Stewart McDonald, the party’s defence spokesman, has called on the UK Government to work with international partners to clamp down on the suspected use of chemical weapons in the Middle Eastern state, which has been ravaged by years of civil war.
The MP said any change to the role of UK forces in Syria must be subject to a vote in Parliament, and warned air strikes had not prevented the alleged attack in the Syrian town of Douma, a former rebel stronghold in the Eastern Ghouta region.
Theresa May spoke yesterday with Donald Trump and French president Emmanuel Macron regarding the incident, which has been blamed on forces loyal to Syrian president Assad.
Downing Street told the BBC the separate phone calls established the countries would work together to take action to “uphold the worldwide prohibition on the use of chemical weapons”.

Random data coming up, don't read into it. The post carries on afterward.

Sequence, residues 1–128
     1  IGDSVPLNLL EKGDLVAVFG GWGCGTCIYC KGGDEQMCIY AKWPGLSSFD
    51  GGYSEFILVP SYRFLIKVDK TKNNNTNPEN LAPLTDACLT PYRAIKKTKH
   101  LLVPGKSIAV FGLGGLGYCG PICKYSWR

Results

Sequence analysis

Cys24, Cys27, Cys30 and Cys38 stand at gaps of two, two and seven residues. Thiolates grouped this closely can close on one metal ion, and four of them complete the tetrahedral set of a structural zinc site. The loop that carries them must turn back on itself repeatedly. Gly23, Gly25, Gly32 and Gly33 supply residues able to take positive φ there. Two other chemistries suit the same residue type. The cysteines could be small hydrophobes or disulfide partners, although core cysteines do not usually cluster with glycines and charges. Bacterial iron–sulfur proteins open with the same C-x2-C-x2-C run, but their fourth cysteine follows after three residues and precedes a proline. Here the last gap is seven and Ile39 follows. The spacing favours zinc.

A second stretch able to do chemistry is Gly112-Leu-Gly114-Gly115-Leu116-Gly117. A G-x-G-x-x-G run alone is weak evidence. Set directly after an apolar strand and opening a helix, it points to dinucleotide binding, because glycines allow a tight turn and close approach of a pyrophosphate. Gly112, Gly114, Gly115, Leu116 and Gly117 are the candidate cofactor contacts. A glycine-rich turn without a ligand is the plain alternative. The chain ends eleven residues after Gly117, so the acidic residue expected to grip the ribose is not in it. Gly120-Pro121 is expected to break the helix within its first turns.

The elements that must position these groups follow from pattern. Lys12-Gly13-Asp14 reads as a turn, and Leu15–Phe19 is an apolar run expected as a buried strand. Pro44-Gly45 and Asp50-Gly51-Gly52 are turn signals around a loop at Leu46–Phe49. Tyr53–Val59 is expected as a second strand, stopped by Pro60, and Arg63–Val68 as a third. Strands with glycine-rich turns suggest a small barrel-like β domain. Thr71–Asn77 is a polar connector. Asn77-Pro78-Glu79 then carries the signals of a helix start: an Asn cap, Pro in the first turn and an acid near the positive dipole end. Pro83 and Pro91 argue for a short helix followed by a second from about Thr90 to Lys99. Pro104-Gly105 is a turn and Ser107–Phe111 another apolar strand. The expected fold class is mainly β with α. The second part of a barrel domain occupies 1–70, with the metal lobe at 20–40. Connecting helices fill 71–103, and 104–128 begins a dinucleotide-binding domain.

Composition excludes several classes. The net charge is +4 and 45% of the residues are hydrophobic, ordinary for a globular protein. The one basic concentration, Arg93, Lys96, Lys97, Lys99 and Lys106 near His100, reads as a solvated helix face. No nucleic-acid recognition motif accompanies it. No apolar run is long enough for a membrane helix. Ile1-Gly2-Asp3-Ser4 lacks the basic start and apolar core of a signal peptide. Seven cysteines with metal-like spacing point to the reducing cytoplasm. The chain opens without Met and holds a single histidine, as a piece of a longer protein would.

Senior UK Government figures have denied Mrs May is hesitating in joining the US and France in launching air strikes against Syrian targets.
MPs do not return to Parliament from Easter recess until April 16.
Mr McDonald said: “The suspected chemical weapons attacks in Syria must be condemned in the strongest terms, and action must be taken to ensure such attacks never happen again.
“The harrowing images of children and adults, killed and injured in these brutal and barbaric attacks, show the need for the UK government to work with our international partners to clamp down on the development and use of chemical weapons in Syria, and hold those responsible to account.
“This must mean action to block the Syrian government’s purchasing and importing abilities, further sanctions against personnel and companies involved, and increased efforts to document those involved in chemical warfare infrastructure to support war crimes prosecutions.
“While the need for action is clear - that action must be properly considered. Air strikes have not prevented these attacks and will not provide the long term solutions needed to end the war. Any proposed change to the role of UK forces in Syria must be subject to full scrutiny and a vote in Parliament.”